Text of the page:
Innovation - go crazy
Hire crazy people, get teachers teaching each other, elect teachers and support staff on forums to stimulate "democratic leadership", and talk up the "fantastic privilege" of being a headteacher - these were among the recipes for running creative and effective schools aired at an education leadership conference in Stirling last week.
Iain White, head of Govan High in Glasgow, espoused the "crazies", adding: "Recruit dull people and they'll make everything dull."
Creativity, Mr White suggested, was based on a mix of the "crazy, weird, freaky, scary and brave". It could be "risky and messy".
Addressing the annual conference of Selmas (Scottish Educational Leadership Management and Administration Society), Education Secretary Fiona Hyslop did not go so far, but she signalled an end to the "compliance culture" in Scottish education and called for "positivity and innovation".
This was echoed by Tim Brighouse, of the London University Institute of Education, who suggested an improving school should display four features:
- teachers talk about teaching;
- teachers observe each other at work;
- teachers plan, monitor and evaluate together;
- teachers teach each other.
Professor Brighouse, who has run schools in Birmingham and London, urged schools to learn from the power of marking pupils' work. "How we mark has a profound impact on whether we are learning to fail or failing to learn," he said. "It's under-discussed in our schools, yet it is a huge opportunity for coaching."
Leading a school was not just a matter for leaders, the conference heard. Ms Hyslop said teachers had to "provide leadership in their classrooms and develop leadership in their pupils", which meant they had to be confident and motivated in their teaching if they were expected to turn out confident and successful pupils. "Leadership capacity in schools has to be mobilised and unleashed," she added, repeating her view that chartered teachers must be key players in that exercise.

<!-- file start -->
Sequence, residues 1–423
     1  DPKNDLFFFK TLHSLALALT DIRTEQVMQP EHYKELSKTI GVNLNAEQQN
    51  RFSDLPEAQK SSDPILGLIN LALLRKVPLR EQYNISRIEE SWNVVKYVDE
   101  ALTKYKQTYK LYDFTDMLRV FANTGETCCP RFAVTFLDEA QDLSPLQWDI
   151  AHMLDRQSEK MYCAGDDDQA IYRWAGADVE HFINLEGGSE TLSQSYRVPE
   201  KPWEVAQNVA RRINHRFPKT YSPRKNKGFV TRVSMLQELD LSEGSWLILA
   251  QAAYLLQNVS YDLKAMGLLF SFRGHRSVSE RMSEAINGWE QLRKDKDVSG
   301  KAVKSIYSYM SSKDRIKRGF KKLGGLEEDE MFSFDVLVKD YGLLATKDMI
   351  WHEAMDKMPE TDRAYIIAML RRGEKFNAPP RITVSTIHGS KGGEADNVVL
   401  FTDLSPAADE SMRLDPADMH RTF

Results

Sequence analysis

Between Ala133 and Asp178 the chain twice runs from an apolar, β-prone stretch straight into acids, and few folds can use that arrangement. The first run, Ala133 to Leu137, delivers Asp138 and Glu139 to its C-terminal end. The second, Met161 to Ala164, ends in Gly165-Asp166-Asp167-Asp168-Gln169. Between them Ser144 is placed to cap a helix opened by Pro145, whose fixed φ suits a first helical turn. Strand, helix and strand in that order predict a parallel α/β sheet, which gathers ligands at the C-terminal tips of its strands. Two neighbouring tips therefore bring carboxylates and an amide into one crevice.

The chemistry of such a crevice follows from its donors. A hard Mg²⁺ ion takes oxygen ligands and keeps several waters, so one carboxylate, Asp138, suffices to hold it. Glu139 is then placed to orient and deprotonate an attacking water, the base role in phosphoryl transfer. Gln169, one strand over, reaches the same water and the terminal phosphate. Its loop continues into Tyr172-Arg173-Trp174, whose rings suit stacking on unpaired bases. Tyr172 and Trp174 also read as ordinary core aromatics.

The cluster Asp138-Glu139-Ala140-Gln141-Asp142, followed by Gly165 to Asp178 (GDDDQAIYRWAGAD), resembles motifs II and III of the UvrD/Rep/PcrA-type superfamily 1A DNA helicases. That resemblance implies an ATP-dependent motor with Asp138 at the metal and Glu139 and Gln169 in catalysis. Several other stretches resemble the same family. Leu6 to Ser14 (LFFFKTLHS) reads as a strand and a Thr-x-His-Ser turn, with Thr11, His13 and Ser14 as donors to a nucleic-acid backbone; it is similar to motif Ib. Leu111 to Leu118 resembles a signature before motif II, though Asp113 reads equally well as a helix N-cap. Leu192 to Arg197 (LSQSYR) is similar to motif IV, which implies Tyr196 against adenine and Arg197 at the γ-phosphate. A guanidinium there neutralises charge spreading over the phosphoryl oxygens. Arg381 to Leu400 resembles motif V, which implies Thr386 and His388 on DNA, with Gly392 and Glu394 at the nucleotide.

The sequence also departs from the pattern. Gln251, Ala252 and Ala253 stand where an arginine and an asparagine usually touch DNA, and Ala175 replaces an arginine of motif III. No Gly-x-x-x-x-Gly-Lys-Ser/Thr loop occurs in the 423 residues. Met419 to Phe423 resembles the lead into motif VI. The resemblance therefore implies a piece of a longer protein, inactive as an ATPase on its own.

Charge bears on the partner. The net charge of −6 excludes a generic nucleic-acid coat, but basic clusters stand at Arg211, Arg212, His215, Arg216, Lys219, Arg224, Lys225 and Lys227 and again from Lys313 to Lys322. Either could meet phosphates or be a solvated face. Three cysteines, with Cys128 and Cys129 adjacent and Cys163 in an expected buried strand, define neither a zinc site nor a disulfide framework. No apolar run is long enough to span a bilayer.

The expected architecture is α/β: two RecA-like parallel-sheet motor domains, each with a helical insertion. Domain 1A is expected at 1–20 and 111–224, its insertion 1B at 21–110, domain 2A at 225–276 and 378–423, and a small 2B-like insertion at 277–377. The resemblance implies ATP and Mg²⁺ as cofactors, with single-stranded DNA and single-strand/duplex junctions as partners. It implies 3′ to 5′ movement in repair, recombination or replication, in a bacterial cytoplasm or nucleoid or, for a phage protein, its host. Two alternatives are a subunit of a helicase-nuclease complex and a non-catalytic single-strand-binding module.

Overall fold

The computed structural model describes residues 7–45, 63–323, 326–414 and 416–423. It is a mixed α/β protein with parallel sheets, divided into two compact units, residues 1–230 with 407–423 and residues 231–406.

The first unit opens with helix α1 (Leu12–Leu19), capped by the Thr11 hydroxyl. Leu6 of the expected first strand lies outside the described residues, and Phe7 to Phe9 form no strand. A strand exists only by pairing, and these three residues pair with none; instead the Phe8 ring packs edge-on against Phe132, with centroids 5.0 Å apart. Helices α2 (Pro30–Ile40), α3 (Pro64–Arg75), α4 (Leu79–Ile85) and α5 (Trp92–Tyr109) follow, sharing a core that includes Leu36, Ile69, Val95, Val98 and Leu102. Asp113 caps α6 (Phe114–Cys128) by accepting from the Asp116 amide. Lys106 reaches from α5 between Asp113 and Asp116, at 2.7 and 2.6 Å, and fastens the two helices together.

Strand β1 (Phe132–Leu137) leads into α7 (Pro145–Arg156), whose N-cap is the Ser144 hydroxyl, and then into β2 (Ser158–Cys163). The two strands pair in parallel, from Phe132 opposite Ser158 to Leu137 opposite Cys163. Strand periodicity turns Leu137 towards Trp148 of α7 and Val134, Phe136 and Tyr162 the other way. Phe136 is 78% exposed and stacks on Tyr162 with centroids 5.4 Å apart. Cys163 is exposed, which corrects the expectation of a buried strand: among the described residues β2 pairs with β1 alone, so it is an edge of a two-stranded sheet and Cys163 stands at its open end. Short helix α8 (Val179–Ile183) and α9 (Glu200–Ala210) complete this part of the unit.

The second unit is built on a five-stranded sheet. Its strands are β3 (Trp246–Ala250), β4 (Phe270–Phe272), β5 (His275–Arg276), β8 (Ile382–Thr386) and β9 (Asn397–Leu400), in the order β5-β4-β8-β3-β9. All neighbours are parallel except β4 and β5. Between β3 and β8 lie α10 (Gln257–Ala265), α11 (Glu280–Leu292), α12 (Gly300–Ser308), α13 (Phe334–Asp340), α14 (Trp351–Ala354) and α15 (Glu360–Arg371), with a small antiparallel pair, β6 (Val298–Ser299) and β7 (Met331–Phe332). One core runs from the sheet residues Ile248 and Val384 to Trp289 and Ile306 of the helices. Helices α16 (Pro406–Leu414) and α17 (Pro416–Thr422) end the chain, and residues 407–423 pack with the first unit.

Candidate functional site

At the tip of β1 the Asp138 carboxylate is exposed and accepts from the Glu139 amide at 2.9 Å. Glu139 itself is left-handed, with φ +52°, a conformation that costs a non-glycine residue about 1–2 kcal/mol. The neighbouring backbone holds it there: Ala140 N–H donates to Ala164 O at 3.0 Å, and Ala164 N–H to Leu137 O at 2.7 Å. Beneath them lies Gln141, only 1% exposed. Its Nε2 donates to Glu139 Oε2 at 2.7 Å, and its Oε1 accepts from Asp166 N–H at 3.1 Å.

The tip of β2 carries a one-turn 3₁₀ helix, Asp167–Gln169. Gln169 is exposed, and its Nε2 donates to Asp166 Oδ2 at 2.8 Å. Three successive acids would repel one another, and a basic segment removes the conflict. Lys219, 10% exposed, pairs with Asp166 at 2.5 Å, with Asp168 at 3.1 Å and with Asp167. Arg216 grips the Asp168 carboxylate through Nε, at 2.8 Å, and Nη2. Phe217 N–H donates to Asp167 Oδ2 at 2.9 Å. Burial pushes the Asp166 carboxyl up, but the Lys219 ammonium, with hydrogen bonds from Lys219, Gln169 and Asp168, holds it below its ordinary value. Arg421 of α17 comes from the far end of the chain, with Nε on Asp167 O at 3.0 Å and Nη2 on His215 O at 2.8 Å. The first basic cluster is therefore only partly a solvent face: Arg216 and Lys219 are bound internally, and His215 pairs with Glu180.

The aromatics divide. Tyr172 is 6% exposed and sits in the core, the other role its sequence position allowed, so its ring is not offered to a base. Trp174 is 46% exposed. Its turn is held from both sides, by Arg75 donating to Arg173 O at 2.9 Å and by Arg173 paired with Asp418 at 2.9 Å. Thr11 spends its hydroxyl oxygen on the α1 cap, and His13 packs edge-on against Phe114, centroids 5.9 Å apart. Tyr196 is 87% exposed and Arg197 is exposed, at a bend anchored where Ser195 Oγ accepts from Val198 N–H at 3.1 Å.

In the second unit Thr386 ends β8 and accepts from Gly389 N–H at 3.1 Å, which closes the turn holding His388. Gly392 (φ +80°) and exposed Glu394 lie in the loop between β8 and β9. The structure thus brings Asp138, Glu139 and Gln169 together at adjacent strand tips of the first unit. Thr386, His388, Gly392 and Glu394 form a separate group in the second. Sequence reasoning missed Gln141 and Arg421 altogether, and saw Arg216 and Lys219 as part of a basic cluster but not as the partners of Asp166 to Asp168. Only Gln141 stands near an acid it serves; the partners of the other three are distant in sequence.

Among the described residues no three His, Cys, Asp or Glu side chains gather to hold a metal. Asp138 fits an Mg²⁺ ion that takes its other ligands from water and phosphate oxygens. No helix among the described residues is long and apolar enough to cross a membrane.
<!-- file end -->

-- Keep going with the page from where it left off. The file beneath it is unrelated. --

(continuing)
Colin Russell, headteacher of Dean Park Primary in Balerno, underlined the importance of "democratic leadership". His school has a "leadership forum", which includes two elected members from the teaching and support staff.
The curriculum is delivered through four faculties - health, enterprise, ecology and citizenship. Each is led, not by someone from school management, but by an expert teacher (one of whom is a chartered teacher; others are working towards CT status). He is a mere member of the citizenship group.
Mr Russell commented: "Not only are they in authority, they are an authority. That translates into effective leadership."
Despite this theme of "dispersed leadership", however, the conference agreed that the headteacher was the pivotal figure. Ms Hyslop underlined the importance of attracting teachers to seek heads' posts and said she expected the research report she has commissioned on headteacher recruitment from Cambridge, Edinburgh and Glasgow universities to be with her by the end of the year.
Rory Mackenzie, head of Balerno High, told her funding was critical in making headship more attractive. That included investing in the induction of new heads, giving them more support staff and paying them more. He was supported in his call for higher salaries by Judith McClure, the Selmas convener. "Pay does matter for what is a way of life, not just a job," she remarked.
But Dr McClure, who is head of St George's School for Girls in Edinburgh, said heads had to talk up their job and assert what a "fantastic privilege" it was. Succession planning was also vital, a point backed by Matthew MacIver, the outgoing chief executive of the General Teaching Council for Scotland.
Ms Hyslop side-stepped the pay issue and said that, while she recognised there were "practical barriers" in the way of persuading teachers to become heads, now was not the time to talk about salary increases when "hard-pressed families" were struggling with household budgets.